About a year ago now, a group of women staged a breastfeeding "nurse-in" at a cafe in West Auckland where, it is alleged, the owner had attempted to move along a woman breastfeeding her child.
I can recall being pretty shocked at the attempted banning of breastfeeding in a cafe, but somehow it's not really that surprising.
It seems to me there's a growing backlash against breastfeeding. Women who can't - or won't - breastfeed are increasingly strident about their rights to bottle feed and it's not uncommon to hear people say, albeit usually in an online, anonymous way, that a breastfeeding woman is distasteful in a public setting.
I have been frequently lectured by bottle feeding women about their rights - and I agree they have the right to do that without harassment.
But I've never been harangued in general about breastfeeding. I've done it everywhere I've needed to throughout my breastfeeding history, trying valiantly to be discreet about it because I thought that was wise.
Usually my efforts have been scuppered by infants who scream, cry and whimper while getting on, and burp loudly on coming off, as well as the usual highly unsuitable choice of clothing that leaves me sweating as I try to simultaneously get it out of the way and stuff the baby's head as close to the milk bar as possible.
The whole scene could possibly be mistaken for infant-smuggling from behind. So, not graceful and far from serene I grant you, but I have never been prevented from doing it.
Until this week.
Wandering into the local Japanese cafe, still well before the midday rush (we were the only ones in the place) I asked for a table at the periphery of the room where we could order and could feed the little one.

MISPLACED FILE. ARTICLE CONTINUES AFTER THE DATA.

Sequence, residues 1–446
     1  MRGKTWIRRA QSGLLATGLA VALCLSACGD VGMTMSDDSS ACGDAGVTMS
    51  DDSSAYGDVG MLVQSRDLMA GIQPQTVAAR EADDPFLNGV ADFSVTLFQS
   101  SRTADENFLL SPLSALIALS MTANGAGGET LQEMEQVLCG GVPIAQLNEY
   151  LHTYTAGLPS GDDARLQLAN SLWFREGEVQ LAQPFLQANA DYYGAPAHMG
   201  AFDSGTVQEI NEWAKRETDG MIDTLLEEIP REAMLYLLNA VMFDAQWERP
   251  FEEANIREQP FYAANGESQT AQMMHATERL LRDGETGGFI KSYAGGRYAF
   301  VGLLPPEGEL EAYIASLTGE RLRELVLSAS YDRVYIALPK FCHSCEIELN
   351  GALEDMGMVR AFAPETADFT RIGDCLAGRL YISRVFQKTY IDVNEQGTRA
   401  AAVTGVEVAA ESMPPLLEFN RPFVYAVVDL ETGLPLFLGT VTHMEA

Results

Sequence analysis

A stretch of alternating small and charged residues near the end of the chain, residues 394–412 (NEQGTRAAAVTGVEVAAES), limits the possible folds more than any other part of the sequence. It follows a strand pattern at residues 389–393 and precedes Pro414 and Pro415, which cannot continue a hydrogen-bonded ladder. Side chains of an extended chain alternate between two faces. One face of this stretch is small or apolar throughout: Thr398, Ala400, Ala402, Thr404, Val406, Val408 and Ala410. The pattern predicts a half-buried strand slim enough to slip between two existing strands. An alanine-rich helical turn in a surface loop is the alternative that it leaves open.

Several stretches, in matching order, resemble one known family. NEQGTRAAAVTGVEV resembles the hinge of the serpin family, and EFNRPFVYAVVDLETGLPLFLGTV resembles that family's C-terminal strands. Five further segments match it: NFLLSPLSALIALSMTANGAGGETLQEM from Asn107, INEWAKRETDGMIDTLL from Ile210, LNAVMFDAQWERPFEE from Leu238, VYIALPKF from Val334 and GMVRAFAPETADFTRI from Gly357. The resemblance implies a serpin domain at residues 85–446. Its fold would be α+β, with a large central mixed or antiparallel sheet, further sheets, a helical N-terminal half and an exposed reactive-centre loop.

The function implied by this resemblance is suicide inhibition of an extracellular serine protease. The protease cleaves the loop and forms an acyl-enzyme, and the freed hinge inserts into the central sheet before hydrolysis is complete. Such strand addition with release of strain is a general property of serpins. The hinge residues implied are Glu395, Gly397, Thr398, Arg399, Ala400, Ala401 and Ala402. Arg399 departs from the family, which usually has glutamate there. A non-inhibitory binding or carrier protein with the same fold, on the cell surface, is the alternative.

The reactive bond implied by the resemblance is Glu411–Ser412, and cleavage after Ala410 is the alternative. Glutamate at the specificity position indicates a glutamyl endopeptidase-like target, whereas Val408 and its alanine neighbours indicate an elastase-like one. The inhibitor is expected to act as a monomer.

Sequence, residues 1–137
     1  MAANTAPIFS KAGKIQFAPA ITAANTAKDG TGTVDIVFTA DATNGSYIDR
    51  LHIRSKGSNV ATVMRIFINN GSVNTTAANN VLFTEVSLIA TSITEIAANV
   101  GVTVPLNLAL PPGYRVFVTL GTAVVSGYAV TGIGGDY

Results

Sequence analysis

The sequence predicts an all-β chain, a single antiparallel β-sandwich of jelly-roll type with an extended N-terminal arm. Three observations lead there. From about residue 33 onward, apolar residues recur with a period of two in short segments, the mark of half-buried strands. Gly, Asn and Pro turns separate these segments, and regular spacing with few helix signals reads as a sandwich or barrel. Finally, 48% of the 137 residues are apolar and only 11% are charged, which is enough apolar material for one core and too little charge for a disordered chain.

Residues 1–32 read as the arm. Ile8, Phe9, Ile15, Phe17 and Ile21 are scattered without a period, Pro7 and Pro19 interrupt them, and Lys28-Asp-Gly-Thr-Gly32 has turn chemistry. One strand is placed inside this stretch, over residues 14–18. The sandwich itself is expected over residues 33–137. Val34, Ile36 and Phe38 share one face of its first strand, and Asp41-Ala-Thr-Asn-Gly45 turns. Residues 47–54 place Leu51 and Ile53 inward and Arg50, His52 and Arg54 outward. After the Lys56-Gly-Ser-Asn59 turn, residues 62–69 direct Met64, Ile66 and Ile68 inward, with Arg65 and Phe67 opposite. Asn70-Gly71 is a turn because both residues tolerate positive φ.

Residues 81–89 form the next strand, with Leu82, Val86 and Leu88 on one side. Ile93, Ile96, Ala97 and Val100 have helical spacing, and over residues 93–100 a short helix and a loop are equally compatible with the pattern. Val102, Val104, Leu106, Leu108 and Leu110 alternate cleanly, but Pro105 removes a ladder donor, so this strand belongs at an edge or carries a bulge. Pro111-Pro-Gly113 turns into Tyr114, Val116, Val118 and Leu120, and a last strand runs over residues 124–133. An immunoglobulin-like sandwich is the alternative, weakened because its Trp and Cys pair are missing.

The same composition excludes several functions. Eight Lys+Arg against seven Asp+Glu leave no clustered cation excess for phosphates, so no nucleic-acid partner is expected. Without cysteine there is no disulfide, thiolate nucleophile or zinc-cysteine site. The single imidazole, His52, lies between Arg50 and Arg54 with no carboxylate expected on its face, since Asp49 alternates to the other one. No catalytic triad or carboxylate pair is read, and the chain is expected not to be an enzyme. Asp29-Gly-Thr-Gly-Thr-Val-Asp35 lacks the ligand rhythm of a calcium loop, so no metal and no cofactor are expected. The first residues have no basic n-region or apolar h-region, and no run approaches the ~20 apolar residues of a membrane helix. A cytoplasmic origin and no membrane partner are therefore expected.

Please don't, said the waitress/owner, we don't like women to feed in the restaurant.
I was directed upstairs to a sofa near the toilets (not IN the toilets) where I could feed.
Aside from the fact the upstairs part of this restaurant requires navigating a treacherous set of stairs with a small baby, I cannot in good faith say this request was inherently unreasonable.
These guys had probably complied to the letter of the law by providing a sofa, and if they said they didn't want women feeding in the restaurant, they are probably within their rights to do so.
Nevertheless, it took us just a few seconds to hand back the menus and leave the place, less with anger than with disappointment, because the food is so damned good.
I stewed on the experience all the way home. One thing that struck me was that in laying down that precondition in Mt Eden, a business is taking a few chances. This suburb is heavily populated with young families, and with mothers (and fathers) who stroll up to the village during the day, before the witching hour renders night time dining impossible.
The act of asking a client to remove themselves for part of their meal is, despite perhaps being fair enough, pretty confronting - and pretty impossible if there are other young children with you.
More than that however, was the fact it seemed to me the underlying assumption was that breastfeeding is unhygienic.
Despite the fact I have lived in Japan in the past I have no idea whether this is a cultural idea or not (although it seems to occur in people across cultural divides). I find this off, regardless of which culture (if any) believes it.
A restaurant is a place where people eat, and breastfeeding is the act of a baby eating. Breast milk is not a waste product of the body. Most of the time no breast milk escapes the vacuum created between the child's mouth and the mother's breast. And most of the time, breastfeeding takes a few minutes before the child is back to sleep or burbling.
I can't say I was tempted to stage a "nurse-in" at the cafe like the strident breastfeeders of West Auckland, but I can't bring myself to go back and I'm sure there are many like me in my circle of friends and acquaintances who will feel the same.
I guess its our right to avoid the place in the same way it's the cafe's right to ban breastfeeding - but to my mind it's an unnecessary stand-off all the same.By Dita De Boni